Barrasso: Not Enough Democrats To Influence Cheney – Hageman Wyoming House Race

Despite concerns among some Republicans that crossover voting might have an impact on the upcoming U.S. House primary, U.S. Sen. John Barrasso said he does not believe the practice is prevalent enough to make a difference.

Leo Wolfson

July 11, 20224 min read

Collage Maker 11 Jul 2022 03 18 PM
(Cowboy State Daily Staff)

Despite concerns among some Republicans that crossover voting might have an impact on the upcoming U.S. House primary, U.S. Sen. John Barrasso said over the weekend he does not believe the practice is prevalent enough to make a difference.

Barrasso speaking on Fox News Sunday, said he simply believes there are not enough Democrats to make a difference in the race, which features, among others, incumbent U.S. Rep. Liz Cheney and Cheyenne attorney Harriet Hageman, who has been endorsed by former President Donald Trump.

“There’s really not that many Democrats out there,” Barrasso said.

As of June 1, only 16% of the state’s voters — 44,643 — were registered as Democrats. This was a decline from the 2020 primary elections, when 18% of the voters were Democrats. 


Joe Barbuto, chairman of the Wyoming Democratic Party, said he has not heard much enthusiasm for Cheney among his party members and is skeptical she will get enough support from Democrats to affect the outcome of the election. 

Still, the Cheney campaign sent out mailers to Democratic voters in June explaining to them how they can change their party registration to vote for her.

According to voter registration numbers with the secretary of state’s office, as of June 1, around 4,500 new Republicans had joined the party and registered to vote since January. 

Conversely, the Democratic Party lost around 1,500 voters during that same time span and there were about 500 fewer unaffiliated voters. This could have included people who died or moved from the state.

Overall, there were only about 1,500 new registered voters in the state, meaning crossover voting is almost certainly happening.


The House race between Cheney and Hageman will likely be the most competitive statewide race in Wyoming since the 2018 gubernatorial race. That race drew 118,101 voters, nearly 11,000 more than the 2020 Republican House primary that Cheney easily won.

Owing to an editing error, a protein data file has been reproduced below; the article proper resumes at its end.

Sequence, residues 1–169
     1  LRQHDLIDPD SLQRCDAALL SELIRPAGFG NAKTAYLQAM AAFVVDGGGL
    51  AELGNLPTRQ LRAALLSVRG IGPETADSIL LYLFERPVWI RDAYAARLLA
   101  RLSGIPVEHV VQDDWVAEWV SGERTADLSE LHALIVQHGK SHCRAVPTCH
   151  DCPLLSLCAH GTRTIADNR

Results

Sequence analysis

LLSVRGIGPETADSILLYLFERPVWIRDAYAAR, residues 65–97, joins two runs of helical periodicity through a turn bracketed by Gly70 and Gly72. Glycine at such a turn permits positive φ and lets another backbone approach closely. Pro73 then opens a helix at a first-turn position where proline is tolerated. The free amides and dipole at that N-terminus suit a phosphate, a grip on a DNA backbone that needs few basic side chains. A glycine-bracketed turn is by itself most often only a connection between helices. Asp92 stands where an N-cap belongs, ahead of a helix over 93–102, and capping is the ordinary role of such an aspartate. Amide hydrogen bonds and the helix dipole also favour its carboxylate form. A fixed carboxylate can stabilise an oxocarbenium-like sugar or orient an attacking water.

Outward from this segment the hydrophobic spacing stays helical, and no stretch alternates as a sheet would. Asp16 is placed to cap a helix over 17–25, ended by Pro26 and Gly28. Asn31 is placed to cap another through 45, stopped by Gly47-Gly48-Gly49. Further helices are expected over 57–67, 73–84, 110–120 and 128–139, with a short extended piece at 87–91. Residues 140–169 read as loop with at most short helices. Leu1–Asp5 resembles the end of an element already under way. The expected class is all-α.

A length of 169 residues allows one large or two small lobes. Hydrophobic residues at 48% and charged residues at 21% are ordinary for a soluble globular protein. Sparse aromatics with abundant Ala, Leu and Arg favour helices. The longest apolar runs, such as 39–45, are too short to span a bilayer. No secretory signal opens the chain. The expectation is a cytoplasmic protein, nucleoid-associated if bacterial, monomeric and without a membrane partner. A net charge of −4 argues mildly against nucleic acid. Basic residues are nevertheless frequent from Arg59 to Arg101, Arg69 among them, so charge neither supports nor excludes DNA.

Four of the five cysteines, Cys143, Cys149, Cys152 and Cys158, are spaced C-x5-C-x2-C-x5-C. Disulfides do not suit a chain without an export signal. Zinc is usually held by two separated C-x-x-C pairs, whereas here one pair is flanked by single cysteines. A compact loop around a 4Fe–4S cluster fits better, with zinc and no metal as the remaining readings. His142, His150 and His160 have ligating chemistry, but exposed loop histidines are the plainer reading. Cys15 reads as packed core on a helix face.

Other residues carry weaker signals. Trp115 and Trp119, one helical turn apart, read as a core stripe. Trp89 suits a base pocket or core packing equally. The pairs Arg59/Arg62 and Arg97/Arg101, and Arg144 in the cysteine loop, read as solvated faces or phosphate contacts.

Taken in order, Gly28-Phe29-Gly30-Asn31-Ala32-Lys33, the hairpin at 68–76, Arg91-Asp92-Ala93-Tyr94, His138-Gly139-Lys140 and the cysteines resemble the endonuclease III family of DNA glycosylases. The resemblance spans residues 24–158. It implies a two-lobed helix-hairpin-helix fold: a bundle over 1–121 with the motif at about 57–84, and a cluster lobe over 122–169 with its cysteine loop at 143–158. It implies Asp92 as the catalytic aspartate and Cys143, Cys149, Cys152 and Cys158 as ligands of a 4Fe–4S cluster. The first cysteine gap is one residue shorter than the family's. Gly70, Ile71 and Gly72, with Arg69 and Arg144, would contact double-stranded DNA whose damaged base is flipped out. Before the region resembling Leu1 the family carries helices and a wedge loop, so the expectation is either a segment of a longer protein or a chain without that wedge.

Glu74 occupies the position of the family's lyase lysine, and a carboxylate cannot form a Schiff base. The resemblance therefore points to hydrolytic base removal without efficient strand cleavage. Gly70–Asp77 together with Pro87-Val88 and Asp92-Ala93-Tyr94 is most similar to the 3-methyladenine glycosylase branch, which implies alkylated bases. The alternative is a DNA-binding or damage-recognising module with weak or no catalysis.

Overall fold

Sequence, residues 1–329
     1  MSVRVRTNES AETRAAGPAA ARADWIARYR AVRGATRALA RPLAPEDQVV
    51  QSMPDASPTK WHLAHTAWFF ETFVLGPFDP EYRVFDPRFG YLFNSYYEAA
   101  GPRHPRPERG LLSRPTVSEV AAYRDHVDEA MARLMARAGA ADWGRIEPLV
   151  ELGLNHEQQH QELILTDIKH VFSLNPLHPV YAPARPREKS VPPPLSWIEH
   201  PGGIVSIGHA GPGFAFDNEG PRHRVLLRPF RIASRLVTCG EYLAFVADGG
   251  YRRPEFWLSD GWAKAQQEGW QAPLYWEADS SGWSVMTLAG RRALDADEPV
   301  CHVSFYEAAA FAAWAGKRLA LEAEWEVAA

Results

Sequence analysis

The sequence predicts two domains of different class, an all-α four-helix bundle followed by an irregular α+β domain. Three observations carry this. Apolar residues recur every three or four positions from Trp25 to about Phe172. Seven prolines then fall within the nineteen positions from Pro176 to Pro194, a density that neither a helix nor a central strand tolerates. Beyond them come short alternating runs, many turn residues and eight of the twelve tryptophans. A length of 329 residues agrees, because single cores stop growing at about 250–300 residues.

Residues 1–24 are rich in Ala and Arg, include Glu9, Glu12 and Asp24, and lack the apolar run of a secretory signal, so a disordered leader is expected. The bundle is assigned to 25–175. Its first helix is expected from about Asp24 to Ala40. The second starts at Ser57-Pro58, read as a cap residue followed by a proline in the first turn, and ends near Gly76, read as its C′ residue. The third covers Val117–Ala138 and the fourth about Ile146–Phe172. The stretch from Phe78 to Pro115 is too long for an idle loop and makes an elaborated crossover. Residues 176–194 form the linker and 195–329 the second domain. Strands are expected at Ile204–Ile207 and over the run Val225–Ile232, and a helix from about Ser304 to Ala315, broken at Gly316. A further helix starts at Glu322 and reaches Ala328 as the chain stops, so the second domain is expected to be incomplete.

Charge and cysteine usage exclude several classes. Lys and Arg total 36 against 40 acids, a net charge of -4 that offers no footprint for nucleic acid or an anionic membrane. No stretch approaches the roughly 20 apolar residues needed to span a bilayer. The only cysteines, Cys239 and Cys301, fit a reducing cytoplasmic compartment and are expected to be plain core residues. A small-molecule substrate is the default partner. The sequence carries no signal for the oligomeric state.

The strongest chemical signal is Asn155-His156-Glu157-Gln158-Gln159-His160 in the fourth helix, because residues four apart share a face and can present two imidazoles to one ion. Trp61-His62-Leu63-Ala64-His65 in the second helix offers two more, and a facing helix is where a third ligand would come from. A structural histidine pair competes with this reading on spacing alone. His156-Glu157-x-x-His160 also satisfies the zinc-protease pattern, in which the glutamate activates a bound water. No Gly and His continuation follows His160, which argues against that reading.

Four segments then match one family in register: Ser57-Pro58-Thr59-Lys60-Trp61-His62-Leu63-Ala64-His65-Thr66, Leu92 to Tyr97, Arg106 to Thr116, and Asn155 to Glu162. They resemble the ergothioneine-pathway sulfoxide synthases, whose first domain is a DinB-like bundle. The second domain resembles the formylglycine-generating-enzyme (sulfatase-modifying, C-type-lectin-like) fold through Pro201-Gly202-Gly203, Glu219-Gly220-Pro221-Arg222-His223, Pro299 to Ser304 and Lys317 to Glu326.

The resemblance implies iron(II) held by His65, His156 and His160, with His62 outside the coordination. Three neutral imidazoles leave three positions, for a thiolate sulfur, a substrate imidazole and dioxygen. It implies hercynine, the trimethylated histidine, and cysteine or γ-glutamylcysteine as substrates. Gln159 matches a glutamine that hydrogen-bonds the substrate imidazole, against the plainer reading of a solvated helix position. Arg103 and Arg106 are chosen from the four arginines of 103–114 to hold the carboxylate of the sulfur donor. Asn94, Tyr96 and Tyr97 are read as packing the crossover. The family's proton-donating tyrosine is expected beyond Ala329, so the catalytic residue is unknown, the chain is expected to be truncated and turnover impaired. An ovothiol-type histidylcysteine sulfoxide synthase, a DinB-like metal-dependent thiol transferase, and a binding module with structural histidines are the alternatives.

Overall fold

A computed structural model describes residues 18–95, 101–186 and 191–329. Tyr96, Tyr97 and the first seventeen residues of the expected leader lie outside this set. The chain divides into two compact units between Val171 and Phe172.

In the 2020 House race, 66.5% or 107,363 of registered Republicans cast a vote. In the 2018 Gubernatorial race, 65% of registered Republicans cast a vote. Gov. Mark Gordon won that race by about 9,000 votes.

In 2018, between July 1 and the primary election on Aug. 21, the Republican Party gained about 4,300 voters. In 2020, records showed about 4,000 new voters joining the GOP during the same time span.

Assuming a 66% turnout in this year’s primary — along the increase of 4,300 GOP voters as reported by the secretary of state’s office — the state would be looking at about 135,232 voters in the Aug. 16 GOP primary.

About 2,000 unaffiliated and Democratic voters left their ranks between January and July 1. If all of these people register and vote as Republicans on primary day, their votes would affect 1.4% of the ballots cast in the in the election. 

Although that number may seem to be a slim margin, it could be influential if Cheney and Hageman have a particularly close race.

Marginal Impact

Jim King, professor of political science at the University of Wyoming, agreed with this analysis and said only a race with a 1% to 2% margin between candidates wold be significantly affected.

King said many people who think of themselves as Independent voters in Wyoming still often vote in Republican primaries.

“If it gets down to that narrow of a margin, those independent voters and possibly Democrats will be the key,” he said.

In a case with a margin of more than 5% between candidates, King said crossover voting would have no effect.

Former President George W. Bush won the 2000 presidential election with a majority of the electoral vote of only 0.8%.

Close Calls

Florida helped clinch Bush’s election win, which he took by the margin of 537 votes, 0.01% of votes in the Sunshine State. 

The 1988 Wyoming U.S. Senate race between Republican Malcolm Wallop and Democrat John Vinich was nearly as close, as Wallop edged Vinich by 1,322 votes, or 0.8% of the total vote.

In the 2010 Gubernatorial race former Gov. Matt Mead only won his primary by 703 votes or 0.7%.

But also muddying the waters are primary voters, a typically less passionate voter pool.

“Determining how many people who didn’t register to vote before signed up to vote for Hageman or Cheney? No clue,” King said.

Allowing people to register to vote or to change their party registration was adopted in 1994 as part of the implementation of the National Voter Registration Act.

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Leo Wolfson

Politics and Government Reporter